16 Mass. App. Ct. 979

August 29, 1983

James D. St. Clair (Thomas N. O'Connor with him) for the defendant.

Howard M. Kahalas (Alfred D. Ellis with him) for the plaintiff.

The plaintiff obtained a verdict for injuries resulting from a slip and fall on premises controlled by the defendant, and the defendant appealed from the ensuing judgment and the denial of its motion for judgment notwithstanding the verdict or for a new trial. 1. The defendant's motion for a directed verdict was waived, and its motion for judgment notwithstanding the verdict properly denied, because of the defendant's failure to renew its motion for a directed verdict at the close of its own case. Martin v. Hall, 369 Mass. 882, 884 (1976). Mass.R.Civ.P. 50(b), 365 Mass. 814 (1974). The case the defendant put in was not merely formal, or "inconsequential," as was said to be the case in King v. G & M Realty Corp., 373 Mass. 658, 659 n.3 (1977). See Michnik-Zilberman v. Gordon's Liquor, Inc., 390 Mass. 6, 8-10 (1983). 2. The judge erred in permitting the plaintiff to put in evidence the opinion of a physician (who had examined the plaintiff but was not one of the treating physicians) which was expressly based, in part, on medical treatment reports not part of the hospital record and not introduced in evidence. "Manifestly an opinion not grounded either upon facts observed by the witness or upon facts assumed and specified in the question or upon facts in evidence through other witnesses, but based upon facts taken on the hearsay of others out of court and not in evidence and not put in the form of a supposition in the question, is not admissible in evidence. Such an opinion would or might well be founded upon facts, the truth of which could not in the nature of things be established to the satisfaction of the jury because no competent

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evidence respecting them would be before the jury." Commonwealth v. Russ, 232 Mass. 58, 74 (1919). "Expert opinion . . . must be based on either the expert's direct personal knowledge, on evidence already in the record or which the parties represent will be presented during the course of the trial, or on a combination of these sources." LaClair v. Silberline Mfg. Co., 379 Mass. 21, 32 (1979). It was clear when the opinion was put in that the missing records were not to be produced (contrast Charron's Case, 331 Mass. 519, 522-523 [1954]), because the need for the opinion was brought to light by the defendant's motion for a directed verdict, and the judge allowed the plaintiff's motion to reopen for the sole purpose of adducing the opinion. It is true, of course, that an expert opinion may in some circumstances be based on hearsay. See Finnegan v. Fall River, 159 Mass. 311 (1893); National Bank of Commerce v. New Bedford, 175 Mass. 257, 261 (1900); Davenport v. Haskell, 293 Mass. 454, 459 (1936); Commonwealth v. Kendall, 9 Mass. App. Ct. 152, 157 (1980). The cases on this subject make "a distinction that permits reliance upon hearsay for general facts that go into the making of expertise but not for knowledge as to the specific facts in controversy." Liacos, Massachusetts Evidence 125 (5th ed. 1981). Under our law, which has been said to represent "the majority view" (McCormick, Evidence Section 15 [2d ed. 1972]), a "question is improper if it calls for the witness' opinion on the basis of reports that are not in evidence or are inadmissible as substantive evidence under the hearsay rule (without reciting their contents as hypotheses, to be supported by other evidence as to their truth)." Ibid. Cases recognizing the inadmissibility of opinions which are based on hearsay facts bearing on the particular case include Charron's Case, supra; State Tax Common. v. Assessors of Springfield, 331 Mass. 677, 684-685 (1954); Uberto v. Kaufman, 348 Mass. 171, 173 (1964); MacKay v. Ratner, 353 Mass. 563, 566-567 (1968); Commonwealth v. Rucker, 358 Mass. 298, 299 (1970); LaClair v. Silberline Mfg. Co., supra at 32-33; Commonwealth v. Harris, 1 Mass. App. Ct. 265, 266-268 (1973). Adoption of Rule 703 of Proposed Massachusetts Rules of Evidence (5th ed. 1981) would have broadened the basis for the admissibility of opinions such as that given by the physician here, see Liacos, Massachusetts Evidence at 125-126, but those rules have not been adopted. The rule as stated in Trani's Case, 4 Mass. App. Ct. 857, 858 (1976), is reflective of practice under rule 703 of the Federal rules of evidence but not the stricter rule applicable to current Massachusetts practice. 3. In view of that conclusion we need not discuss whether the plaintiff violated Mass.R.Civ.P. 26(e)(2), 365 Mass. 776 (1974), by failing to advise the defendant that a witness for the plaintiff would repudiate at trial an answer the witness had given in his deposition and thereby supply the sole evidence on a point crucial for maintenance of the plaintiff's cause of action. The element of surprise will not, of course, be present in the new trial.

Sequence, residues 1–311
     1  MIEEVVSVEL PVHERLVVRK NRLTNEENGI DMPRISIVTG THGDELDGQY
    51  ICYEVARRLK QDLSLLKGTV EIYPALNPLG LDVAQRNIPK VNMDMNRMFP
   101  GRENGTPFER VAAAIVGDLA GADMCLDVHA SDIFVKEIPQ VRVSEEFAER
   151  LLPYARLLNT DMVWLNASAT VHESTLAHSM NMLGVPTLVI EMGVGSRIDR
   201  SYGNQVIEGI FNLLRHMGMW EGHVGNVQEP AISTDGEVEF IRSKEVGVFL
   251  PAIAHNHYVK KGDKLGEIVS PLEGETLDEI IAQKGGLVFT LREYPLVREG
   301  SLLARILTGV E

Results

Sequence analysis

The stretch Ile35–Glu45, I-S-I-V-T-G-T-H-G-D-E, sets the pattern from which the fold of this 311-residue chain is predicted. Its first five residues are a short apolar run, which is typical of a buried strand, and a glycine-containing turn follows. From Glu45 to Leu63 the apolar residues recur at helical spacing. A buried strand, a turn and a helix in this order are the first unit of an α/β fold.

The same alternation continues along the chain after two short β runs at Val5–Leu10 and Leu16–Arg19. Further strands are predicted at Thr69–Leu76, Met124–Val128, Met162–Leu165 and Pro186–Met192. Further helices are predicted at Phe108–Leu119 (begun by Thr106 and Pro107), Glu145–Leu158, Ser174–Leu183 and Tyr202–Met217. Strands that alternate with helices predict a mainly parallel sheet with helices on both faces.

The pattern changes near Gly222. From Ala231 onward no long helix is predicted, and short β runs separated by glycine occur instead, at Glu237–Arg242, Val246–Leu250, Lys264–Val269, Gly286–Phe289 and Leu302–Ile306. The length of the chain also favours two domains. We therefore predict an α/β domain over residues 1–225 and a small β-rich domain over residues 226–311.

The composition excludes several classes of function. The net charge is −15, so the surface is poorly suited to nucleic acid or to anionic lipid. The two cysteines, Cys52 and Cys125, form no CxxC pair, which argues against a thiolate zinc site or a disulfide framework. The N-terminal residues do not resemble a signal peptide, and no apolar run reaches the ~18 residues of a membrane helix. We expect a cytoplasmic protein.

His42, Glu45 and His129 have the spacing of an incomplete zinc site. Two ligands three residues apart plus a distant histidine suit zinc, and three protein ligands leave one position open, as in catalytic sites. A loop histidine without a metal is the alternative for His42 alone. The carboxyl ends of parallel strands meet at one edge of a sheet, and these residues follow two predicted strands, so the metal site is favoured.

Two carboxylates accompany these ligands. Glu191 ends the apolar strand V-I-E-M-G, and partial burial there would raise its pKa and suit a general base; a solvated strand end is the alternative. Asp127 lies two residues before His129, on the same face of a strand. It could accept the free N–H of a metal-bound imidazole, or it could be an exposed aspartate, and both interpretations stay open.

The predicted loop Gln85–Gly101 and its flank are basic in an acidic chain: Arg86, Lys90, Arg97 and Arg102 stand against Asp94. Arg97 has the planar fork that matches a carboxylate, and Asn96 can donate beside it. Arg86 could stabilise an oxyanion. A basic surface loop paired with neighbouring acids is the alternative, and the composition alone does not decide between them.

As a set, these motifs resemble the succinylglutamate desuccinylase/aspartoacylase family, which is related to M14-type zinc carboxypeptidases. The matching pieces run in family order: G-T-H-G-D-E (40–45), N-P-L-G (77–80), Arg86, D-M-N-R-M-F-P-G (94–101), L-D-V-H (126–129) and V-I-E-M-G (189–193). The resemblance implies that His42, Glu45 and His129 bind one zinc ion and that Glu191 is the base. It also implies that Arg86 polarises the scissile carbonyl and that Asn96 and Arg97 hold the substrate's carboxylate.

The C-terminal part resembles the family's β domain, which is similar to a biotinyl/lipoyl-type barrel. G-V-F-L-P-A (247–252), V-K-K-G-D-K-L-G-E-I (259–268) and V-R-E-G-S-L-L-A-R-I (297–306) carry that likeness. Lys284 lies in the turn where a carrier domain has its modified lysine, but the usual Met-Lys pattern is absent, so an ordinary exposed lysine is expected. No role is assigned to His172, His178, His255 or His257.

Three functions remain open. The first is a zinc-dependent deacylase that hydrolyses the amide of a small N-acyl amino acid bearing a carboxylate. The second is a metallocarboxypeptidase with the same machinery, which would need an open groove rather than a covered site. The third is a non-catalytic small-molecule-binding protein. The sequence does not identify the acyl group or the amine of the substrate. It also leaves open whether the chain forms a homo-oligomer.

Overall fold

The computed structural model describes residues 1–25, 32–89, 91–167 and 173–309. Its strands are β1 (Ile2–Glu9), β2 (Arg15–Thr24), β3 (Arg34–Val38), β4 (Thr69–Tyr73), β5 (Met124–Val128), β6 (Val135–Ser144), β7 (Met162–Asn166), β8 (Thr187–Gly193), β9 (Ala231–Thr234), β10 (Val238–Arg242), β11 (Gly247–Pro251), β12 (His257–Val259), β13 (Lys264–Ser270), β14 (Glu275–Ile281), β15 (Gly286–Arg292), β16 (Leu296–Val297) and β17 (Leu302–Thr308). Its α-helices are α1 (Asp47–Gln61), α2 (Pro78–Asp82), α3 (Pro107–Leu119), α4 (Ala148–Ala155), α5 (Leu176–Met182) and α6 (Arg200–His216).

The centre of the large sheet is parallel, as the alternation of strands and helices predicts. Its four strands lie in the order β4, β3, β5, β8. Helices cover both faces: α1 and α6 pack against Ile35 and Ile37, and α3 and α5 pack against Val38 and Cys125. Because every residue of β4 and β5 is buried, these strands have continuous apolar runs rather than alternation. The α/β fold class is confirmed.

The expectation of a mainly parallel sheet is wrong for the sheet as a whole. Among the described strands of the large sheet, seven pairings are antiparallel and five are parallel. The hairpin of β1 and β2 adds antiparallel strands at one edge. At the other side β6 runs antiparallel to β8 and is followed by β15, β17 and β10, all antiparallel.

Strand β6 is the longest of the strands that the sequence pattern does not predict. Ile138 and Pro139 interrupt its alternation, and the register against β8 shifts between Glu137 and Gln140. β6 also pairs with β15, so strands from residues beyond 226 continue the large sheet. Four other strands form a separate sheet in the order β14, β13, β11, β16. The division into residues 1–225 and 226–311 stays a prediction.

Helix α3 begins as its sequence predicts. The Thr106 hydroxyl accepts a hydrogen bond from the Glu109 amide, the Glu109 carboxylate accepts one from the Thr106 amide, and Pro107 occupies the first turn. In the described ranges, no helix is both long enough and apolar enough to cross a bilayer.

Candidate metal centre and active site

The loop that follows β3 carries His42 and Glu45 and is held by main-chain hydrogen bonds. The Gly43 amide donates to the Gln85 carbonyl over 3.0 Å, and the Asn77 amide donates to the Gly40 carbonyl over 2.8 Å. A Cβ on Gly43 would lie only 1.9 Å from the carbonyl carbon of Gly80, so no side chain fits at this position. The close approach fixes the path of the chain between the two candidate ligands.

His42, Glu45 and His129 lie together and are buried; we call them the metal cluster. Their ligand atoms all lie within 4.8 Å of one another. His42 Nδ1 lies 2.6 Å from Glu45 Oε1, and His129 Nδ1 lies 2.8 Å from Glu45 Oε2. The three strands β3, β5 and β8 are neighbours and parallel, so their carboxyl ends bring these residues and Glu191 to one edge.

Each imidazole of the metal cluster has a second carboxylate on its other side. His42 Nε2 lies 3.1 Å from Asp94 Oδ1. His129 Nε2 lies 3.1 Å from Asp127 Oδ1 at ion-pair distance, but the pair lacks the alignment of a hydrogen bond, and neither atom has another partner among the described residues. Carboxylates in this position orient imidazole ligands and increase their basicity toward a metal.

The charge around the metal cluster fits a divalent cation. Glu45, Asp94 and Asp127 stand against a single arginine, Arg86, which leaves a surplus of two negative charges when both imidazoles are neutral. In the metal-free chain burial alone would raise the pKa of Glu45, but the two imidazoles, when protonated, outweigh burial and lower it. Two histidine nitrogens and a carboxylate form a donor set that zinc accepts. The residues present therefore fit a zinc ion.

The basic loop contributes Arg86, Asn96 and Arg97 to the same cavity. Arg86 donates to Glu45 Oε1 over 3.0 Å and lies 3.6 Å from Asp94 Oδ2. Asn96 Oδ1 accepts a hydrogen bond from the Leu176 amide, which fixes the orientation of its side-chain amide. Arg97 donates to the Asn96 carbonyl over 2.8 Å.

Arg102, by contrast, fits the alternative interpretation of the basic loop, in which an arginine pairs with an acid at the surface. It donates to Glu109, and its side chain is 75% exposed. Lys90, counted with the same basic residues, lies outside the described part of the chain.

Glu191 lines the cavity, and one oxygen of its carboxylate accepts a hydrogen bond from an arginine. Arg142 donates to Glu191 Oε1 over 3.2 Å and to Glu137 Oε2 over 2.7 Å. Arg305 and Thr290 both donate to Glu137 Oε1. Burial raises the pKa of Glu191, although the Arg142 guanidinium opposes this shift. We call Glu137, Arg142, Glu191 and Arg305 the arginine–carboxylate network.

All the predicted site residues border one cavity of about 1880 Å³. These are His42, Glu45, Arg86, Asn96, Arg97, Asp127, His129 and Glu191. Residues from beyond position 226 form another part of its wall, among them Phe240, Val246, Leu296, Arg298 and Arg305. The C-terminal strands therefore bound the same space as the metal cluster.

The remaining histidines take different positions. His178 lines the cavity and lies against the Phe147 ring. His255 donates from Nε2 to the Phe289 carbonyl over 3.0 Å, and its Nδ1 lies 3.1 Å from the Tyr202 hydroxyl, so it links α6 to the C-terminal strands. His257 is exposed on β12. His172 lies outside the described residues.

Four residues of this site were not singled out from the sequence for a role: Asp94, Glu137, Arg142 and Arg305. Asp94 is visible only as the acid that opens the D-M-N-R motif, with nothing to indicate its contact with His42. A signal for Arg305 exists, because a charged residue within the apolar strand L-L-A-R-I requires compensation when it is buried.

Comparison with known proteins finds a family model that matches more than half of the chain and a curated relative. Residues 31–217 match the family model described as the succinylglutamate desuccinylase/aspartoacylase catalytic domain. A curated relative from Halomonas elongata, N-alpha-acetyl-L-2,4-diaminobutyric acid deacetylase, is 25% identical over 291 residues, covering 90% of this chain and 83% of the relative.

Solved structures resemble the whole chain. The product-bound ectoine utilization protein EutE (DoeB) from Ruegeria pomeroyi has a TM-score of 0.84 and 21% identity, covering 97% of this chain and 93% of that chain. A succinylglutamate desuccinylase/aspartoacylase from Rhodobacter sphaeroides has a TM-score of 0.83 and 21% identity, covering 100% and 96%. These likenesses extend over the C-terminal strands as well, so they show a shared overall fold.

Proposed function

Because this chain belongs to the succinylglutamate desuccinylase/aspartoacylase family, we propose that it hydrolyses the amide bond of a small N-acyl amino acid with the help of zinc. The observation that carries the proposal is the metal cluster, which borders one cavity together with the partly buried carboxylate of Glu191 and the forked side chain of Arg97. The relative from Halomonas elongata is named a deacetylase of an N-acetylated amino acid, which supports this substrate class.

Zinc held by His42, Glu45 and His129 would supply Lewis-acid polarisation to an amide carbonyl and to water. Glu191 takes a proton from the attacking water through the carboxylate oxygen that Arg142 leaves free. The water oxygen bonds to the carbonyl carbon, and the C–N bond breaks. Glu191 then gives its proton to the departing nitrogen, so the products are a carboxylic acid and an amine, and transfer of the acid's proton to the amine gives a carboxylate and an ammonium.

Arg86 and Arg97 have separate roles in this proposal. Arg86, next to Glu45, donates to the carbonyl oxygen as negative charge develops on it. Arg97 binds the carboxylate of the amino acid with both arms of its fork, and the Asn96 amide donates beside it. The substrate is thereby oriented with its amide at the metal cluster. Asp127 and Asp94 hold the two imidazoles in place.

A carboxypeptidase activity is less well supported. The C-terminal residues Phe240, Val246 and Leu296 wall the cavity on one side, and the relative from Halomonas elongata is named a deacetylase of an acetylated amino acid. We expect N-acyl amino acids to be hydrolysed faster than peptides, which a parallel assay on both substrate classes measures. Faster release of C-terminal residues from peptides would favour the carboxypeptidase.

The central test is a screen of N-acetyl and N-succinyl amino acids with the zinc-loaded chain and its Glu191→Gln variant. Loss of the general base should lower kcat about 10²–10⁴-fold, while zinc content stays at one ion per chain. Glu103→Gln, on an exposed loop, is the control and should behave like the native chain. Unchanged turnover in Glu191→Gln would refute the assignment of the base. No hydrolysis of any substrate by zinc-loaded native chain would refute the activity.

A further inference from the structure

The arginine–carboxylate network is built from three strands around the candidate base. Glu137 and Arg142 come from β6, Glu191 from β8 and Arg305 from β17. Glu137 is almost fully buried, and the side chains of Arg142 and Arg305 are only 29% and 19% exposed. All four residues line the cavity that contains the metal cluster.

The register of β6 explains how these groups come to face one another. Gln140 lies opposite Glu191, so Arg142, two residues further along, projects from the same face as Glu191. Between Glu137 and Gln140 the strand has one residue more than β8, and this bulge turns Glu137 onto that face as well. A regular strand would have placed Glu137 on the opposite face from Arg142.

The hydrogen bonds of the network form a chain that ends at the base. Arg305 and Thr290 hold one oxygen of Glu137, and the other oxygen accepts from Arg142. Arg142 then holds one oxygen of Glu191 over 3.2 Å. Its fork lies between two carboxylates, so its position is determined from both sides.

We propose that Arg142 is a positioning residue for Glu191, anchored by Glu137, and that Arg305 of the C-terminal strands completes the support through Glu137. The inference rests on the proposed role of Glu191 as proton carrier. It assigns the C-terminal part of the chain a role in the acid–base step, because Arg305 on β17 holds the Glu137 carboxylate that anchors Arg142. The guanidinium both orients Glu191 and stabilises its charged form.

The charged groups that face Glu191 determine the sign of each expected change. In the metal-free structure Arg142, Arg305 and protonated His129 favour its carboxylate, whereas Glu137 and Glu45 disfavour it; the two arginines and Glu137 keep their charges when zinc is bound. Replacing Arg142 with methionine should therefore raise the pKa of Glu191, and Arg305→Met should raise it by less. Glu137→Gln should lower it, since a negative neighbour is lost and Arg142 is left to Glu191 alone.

Judgment reversed.